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Heading into the finish: Republicans look strong as Democrats hope for momentum

American election campaign fight as Republican versus Democrat as two boxing gloves with the elephant and donkey symbol stitched fighting for the vote of the United states presidential and government seat.

Mere hours ahead of election results, state Democrats are hoping some of the national momentum shows up in the Heart of Dixie.

According to a new Morning Consult/POLITICO Poll, Democrats are motivated and angry, but in Alabama, so are Republicans.

“Roughly three in five (59 percent) Democrats say they feel angry about the midterms, compared to 30 percent of Republicans who say the same,” according to the Morning Consult survey released November 5.

But Republicans in Alabama are expressing similar anger over the confirmation hearings of now-Justice Brett Kavanaugh in which Democrats used a guilty until proven innocent strategy in hopes of denying President Trump another conservative pick for the Supreme Court.

Republican judicial candidates in the state saw a jump in support following the Kavanaugh hearing, according to private polling.

While there are a few competitive races, there are few signs of any significant upsets this evening.

In the northwest part of the state, Democrat Johnny Mac Morrow is expected to give incumbent Republican Dr. Larry Stutts fierce competition for Senate District 6.

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The same is expected in Etowah County where Craig Ford, an Independent, is looking to defeat newcomer Andrew Jones, a Republican, for Senate District 10.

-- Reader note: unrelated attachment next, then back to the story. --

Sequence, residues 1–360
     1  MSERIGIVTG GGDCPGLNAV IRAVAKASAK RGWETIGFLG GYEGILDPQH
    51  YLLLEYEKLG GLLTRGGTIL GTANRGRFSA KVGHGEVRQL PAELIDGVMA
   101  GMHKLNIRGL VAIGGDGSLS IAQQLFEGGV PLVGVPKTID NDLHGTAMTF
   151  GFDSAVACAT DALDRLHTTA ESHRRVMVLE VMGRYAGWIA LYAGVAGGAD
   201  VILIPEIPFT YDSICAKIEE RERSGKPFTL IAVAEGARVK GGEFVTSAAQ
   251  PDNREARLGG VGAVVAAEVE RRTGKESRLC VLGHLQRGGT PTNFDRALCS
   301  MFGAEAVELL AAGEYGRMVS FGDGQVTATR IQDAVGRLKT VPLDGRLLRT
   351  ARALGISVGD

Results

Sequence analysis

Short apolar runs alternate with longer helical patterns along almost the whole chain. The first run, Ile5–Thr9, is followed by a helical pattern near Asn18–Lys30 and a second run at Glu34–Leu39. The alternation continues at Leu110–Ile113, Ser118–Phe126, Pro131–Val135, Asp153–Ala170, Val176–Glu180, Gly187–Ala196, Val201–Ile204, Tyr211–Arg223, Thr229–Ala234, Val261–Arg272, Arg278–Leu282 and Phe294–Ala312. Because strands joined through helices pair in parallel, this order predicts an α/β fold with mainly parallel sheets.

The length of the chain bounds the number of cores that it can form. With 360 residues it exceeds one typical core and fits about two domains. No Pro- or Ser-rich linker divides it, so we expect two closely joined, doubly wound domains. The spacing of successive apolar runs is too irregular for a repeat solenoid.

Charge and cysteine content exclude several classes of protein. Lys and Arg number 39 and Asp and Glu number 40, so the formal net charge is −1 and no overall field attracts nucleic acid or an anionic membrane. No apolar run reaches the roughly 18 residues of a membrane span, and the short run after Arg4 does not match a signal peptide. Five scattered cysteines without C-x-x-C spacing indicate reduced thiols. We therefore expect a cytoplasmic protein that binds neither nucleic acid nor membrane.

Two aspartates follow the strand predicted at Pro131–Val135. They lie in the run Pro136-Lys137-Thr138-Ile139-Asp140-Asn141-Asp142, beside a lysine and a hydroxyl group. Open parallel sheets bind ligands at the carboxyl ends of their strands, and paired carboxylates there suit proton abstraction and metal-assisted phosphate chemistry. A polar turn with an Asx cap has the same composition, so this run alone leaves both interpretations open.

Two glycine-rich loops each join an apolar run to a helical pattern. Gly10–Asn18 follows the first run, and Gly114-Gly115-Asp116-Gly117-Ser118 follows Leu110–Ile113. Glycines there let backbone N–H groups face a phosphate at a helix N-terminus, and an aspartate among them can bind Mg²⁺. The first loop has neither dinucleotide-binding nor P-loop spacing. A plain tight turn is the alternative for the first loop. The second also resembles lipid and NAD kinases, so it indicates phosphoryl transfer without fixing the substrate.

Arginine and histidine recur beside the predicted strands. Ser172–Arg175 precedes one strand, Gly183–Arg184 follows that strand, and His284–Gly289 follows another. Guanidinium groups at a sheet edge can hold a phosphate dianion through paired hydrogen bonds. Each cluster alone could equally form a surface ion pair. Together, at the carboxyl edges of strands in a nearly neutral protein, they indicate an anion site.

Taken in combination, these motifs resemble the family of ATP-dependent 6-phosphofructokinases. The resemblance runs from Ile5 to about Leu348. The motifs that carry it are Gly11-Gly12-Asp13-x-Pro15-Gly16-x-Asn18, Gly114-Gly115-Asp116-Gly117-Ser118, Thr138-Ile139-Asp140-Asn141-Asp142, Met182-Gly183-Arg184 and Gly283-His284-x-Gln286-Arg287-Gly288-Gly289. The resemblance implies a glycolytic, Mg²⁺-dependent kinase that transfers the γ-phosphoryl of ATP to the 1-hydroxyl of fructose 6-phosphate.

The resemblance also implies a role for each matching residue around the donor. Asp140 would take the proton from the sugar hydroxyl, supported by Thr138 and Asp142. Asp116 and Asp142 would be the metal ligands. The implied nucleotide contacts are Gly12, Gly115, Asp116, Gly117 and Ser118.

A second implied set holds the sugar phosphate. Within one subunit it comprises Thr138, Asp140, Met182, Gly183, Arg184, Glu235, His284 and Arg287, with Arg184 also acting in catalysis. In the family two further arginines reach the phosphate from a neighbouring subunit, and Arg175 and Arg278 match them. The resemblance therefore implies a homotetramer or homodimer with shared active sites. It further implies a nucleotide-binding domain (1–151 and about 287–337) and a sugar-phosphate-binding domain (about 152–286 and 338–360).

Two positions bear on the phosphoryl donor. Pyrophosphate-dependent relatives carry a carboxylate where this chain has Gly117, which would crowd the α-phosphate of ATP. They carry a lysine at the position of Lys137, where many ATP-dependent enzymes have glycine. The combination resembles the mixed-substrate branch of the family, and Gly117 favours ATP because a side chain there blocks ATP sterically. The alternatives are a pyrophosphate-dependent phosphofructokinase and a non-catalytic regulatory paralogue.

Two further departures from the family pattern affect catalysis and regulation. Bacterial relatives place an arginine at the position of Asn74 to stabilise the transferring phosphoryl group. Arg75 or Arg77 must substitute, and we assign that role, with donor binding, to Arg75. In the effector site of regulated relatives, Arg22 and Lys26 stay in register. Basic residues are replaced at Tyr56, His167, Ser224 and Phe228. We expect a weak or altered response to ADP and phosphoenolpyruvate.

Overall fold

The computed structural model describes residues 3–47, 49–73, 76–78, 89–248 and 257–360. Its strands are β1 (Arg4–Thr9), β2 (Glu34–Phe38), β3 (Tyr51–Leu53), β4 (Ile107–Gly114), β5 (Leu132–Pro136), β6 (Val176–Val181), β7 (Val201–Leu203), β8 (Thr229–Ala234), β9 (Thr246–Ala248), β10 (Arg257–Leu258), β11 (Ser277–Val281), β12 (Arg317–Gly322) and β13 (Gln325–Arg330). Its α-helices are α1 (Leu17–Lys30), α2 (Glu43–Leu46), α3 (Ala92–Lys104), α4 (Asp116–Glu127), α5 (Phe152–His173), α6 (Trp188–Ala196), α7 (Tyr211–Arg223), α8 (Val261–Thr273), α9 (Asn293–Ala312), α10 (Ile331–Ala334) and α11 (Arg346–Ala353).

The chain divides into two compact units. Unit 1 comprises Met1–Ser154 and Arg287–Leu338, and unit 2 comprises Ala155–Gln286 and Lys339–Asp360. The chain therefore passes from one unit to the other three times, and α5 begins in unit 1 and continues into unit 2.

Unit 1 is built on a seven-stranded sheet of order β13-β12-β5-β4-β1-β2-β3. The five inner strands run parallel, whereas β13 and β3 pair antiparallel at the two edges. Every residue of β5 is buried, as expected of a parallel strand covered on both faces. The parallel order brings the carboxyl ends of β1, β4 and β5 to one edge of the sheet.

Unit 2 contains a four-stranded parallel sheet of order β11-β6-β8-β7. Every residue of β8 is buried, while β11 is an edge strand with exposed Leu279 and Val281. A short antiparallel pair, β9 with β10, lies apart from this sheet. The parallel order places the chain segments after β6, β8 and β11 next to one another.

In an interview with APR, Secretary of State John Merrill also cited, “heavily contested State House races in Jefferson County, as well as in south Alabama, as potential drivers of voter turnout. We have pockets that might pull some people out; otherwise, you’re just going to have people that come out because it’s the general and they have a chance to vote between the Democrats and the Republicans.”

Republican lawmakers sought to ensure robust conservative voter participation by adding two constitutional amendments to the general election ballots that appeal to voters.

Amendment One allows for the Ten Commandments to be displayed on public property so long as the display meets constitutional requirements, such as being displayed along with historical or educational items.

Amendment Two reaffirms that Alabama is a pro-life state and opposes abortion.

Having these two hot-button issues on the ballot will drive evangelicals and like-minded supporters to the polls.

According to Morning Consult, “a majority of voters are thinking about Trump when casting their vote: When asked how much they have been thinking about certain political figures when considering how to vote, 51 percent of voters said they’re thinking ‘a lot’ about Trump when casting their midterm vote.”

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President Trump holds a 62 percent approval rating with just 34 percent saying they disapprove of the president, according to Morning Consult tracking poll.

With 57 percent of Republicans and 50 percent of Democrats saying they are thinking about Trump “a lot” when casting their vote, Republicans should finish the night with strong wins across the board in Alabama.

The full results are also available at

Bill Britt is editor-in-chief at the Alabama Political Reporter and host of The Voice of Alabama Politics. You can email him at [email protected] or follow him on Twitter.

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